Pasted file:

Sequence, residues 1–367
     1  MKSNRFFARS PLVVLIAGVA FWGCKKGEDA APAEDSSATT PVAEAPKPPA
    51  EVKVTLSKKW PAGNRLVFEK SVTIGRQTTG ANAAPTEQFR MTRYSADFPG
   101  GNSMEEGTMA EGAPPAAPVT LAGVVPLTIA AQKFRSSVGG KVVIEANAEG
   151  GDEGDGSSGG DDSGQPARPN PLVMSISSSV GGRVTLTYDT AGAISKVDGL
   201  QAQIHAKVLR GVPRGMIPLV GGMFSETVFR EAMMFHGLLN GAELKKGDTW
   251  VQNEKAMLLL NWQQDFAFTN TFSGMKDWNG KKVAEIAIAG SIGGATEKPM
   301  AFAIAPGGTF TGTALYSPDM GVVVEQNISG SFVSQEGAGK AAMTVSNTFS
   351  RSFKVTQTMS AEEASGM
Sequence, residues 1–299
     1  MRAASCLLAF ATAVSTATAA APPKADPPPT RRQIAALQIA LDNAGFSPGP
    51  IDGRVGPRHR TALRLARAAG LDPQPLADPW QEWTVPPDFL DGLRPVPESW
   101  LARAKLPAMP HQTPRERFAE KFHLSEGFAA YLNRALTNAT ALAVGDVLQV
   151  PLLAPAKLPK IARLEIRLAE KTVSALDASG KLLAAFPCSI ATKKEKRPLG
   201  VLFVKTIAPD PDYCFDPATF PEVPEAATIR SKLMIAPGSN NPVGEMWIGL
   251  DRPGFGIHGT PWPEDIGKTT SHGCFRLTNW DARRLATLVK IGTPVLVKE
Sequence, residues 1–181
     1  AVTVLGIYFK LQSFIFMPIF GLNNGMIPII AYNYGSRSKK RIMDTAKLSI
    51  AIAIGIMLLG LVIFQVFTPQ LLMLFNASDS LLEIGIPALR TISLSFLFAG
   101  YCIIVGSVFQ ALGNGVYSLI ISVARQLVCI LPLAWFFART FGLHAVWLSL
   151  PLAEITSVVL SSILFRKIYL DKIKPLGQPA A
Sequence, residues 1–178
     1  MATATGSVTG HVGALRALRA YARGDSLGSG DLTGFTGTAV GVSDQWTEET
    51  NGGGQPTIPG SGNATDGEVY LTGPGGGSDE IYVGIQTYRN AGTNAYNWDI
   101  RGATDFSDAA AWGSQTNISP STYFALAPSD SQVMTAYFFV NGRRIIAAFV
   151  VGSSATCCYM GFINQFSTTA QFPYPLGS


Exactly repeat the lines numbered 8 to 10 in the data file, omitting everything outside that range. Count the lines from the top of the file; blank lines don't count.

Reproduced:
   301  AFAIAPGGTF TGTALYSPDM GVVVEQNISG SFVSQEGAGK AAMTVSNTFS
   351  RSFKVTQTMS AEEASGM
Sequence, residues 1–299